Supported by abundant footage, old and new, of spectacular dance and outstanding flamenco music, this intimate portrait is a loving tribute to the legendary gypsy dancer whose passion burns as strongly as ever.
Screened as part of NZIFF 2017
‘La Chana’, the living legend of Spanish flamenco dancing, surveys the emotional rollercoaster of her tough life and remarkable career in a documentary that mixes highly personable interview footage with a lifetime’s worth of flat-out amazing performance clips. Has anybody else anywhere ever moved their feet with such speed, expression and passionate intensity?
“La Chana is an admiring, even adoring portrait of a strong-willed female performer rising above the restrictions of the patriarchal society into which she was born. In the case of La Chana – also known as Antonia Santiago Amador – this was the fiercely traditional gypsy society of Franco-era Spain, as personified by her brutally possessive [first] husband...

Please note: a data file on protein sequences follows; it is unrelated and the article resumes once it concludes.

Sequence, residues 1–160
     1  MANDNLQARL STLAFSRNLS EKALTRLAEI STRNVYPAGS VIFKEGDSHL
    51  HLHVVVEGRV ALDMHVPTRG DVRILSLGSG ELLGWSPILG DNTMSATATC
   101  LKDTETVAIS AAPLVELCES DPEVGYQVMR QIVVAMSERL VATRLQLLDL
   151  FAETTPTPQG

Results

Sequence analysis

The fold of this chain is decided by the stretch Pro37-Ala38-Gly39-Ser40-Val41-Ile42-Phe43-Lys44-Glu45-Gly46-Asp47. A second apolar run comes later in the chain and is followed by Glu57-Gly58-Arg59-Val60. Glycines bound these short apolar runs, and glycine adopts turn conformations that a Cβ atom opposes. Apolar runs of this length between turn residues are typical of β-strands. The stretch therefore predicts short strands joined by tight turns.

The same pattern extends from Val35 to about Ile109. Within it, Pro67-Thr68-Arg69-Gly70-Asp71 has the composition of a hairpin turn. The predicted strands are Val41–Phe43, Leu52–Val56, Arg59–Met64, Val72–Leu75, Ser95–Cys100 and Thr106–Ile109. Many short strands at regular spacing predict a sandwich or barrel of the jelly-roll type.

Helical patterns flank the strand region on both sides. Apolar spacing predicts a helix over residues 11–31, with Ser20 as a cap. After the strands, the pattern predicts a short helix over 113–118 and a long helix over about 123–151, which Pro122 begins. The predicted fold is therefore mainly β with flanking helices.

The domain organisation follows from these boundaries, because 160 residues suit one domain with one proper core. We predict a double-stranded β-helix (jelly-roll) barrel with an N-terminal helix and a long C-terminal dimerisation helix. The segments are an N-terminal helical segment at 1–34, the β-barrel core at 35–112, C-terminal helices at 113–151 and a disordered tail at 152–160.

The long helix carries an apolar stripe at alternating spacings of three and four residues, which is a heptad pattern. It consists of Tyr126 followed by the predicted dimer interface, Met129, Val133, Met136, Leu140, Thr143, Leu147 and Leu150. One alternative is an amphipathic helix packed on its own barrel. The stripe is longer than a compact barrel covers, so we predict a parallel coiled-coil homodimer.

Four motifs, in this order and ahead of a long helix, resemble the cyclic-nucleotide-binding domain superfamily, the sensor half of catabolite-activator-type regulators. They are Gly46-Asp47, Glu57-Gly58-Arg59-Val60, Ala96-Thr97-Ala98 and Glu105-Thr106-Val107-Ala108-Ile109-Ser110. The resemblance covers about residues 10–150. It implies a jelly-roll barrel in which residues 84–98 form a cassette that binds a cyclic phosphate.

The shadowy husband turned down Hollywood offers and effectively forced La Chana into an early retirement, from which she emerged triumphantly via a 1977 TV special... In her late sixties at the time of filming, the dignified, dowager-like La Chana has mobility issues but is still very much a ‘force of nature’ . She retains just enough ‘strength, speed and soul’ – the crucial elements of flamenco – to be coaxed into one last show.”— Neil Young, Hollywood Reporter